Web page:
* Rotenberg buys 10.7 pct stake from Malofeyev's fund MarCap
* Move may lead to change in Rostelecom management
* Rotenberg quoted as saying he's a long-term investor
* Rostelecom privatisation seen in 2015
By Maria Kiselyova and Anastasia Teterevleva
MOSCOW, March 1 Arkady Rotenberg, a construction
tycoon and former judo sparring partner of Russian President
Vladimir Putin, has bought a stake in Rostelecom in a
move that could trigger a management change at the
state-controlled telecoms group.
Rostelecom said Rotenberg's Bellared Holdings Limited had
bought a 10.7 percent stake from Universal Telecom Investments
Strategies fund, part of Marshall Capital Partners (MarCap).
While Rostelecom did not disclose the price and other terms
of the deal, the Vedomosti newspaper reported Rotenberg paid 150
roubles ($4.90) per share, representing a 22-percent premium and
valuing the stake at $1.55 billion.
The exit of MarCap, a fund owned by investor Konstantin
Malofeyev, could herald a change at the top at Rostelecom, which
is currently headed by MarCap's former head Alexander
Provotorov, analysts said.
Since a cabinet reshuffle last May, the government, which
has a 53 percent stake in Rostelecom, has become critical of
management's plans to expand in the competitive mobile market,
as well as a weak share price.
Anna Lepetukhina at Sberbank Investment Research said the
stake sale was positive because it removed uncertainty over the
future of MarCap in Rostelecom.
"However ... the more important issue is whether Marshall
Capital Partners' exit will unify the views of shareholders and
government officials on the company's strategy," she said.
The sale was largely expected after a British court lifted
an order freezing MarCap's stake in an unrelated legal dispute.
It had been seized over a case brought by state-owned bank VTB
against Malofeyev and MarCap over a 2007 loan.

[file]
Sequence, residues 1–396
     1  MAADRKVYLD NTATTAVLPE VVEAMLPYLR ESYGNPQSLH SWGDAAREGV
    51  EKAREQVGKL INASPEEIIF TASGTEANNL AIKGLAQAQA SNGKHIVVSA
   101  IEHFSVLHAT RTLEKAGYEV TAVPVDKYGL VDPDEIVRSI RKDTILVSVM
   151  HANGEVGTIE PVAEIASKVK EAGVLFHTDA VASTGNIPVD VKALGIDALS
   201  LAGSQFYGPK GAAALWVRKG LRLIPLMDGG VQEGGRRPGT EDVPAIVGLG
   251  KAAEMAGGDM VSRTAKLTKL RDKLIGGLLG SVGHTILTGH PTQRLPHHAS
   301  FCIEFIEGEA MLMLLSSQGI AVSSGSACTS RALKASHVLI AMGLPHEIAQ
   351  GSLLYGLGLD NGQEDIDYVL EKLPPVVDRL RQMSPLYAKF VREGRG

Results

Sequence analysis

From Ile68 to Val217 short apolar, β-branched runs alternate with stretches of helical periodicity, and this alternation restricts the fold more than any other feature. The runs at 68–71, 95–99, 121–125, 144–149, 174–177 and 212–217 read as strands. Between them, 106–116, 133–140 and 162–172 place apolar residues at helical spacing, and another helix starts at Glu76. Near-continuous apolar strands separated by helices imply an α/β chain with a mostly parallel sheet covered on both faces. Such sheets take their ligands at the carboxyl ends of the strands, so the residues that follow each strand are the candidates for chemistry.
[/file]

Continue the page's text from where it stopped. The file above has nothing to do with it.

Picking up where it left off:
Last November, Russian investigators searched the homes of
Provotorov and Malofeyev as part of the case.
"The acquisition of Rostelecom shares is for us a long-term
investment into the Russian telecoms sector," Rotenberg was
quoted as saying in a statement issued by MarCap on Friday,
which described Rotenberg was a "strategic investor."
It also said Rotenberg, as well as Nikolai Sabitov and
Artyom Obolensky, would be nominated to Rostelecom's board of
directors as the new shareholder's representatives.
"It remains to be seen whether Rotenberg is a financial
investor or has a strategic interest. We do not rule out he
wants to understand the asset better ahead of the Rostelecom
privatisation," said Ivan Kim, an analyst at VTB Capital.
Russian communications minister Nikolai Nikiforov said late
last year the long-expected privatisation of Rostelecom would be
possible in 2015.
Rotenberg has had no previous exposure to the telecoms
sector but Vedomosti in January named him and his brother as
potential bidders for the Russian fixed-line retail broadband
business of Vimpelcom.
Rotenberg was not immediately available for comment.
Rostelecom shares were trading 1 percent higher at 124.00
roubles by 1110 GMT, outperforming the broader market index
, but were still down 16 percent from the year-ago levels.
Last year, Putin swapped jobs with Dmitry Medvedev who
became prime minister and replaced communications minister Igor
Shchyogolev, undermining the government backing that Rostelecom
management previously enjoyed.
Rotenberg's purchase is the latest in a string of
acquisitions by oligarchs who have grown rich since Putin rose
to power in 2000, while those who made their fortunes in the
chaotic 1990s are increasingly cashing out.
In an example of the latter, Mikhail Prokhorov, who ran for
the presidency last year, recently sold his $3.6 billion stake
in gold miner Polyus. He had been named in reports as a
possible buyer of the Rostelecom stake.
In another sign of the Kremlin's increasing influence in
business, state-controlled Rosneft is taking over Anglo-Russian
oil firm TNK-BP in a $55 billion deal that would put
two-fifths of the country's oil production under state control.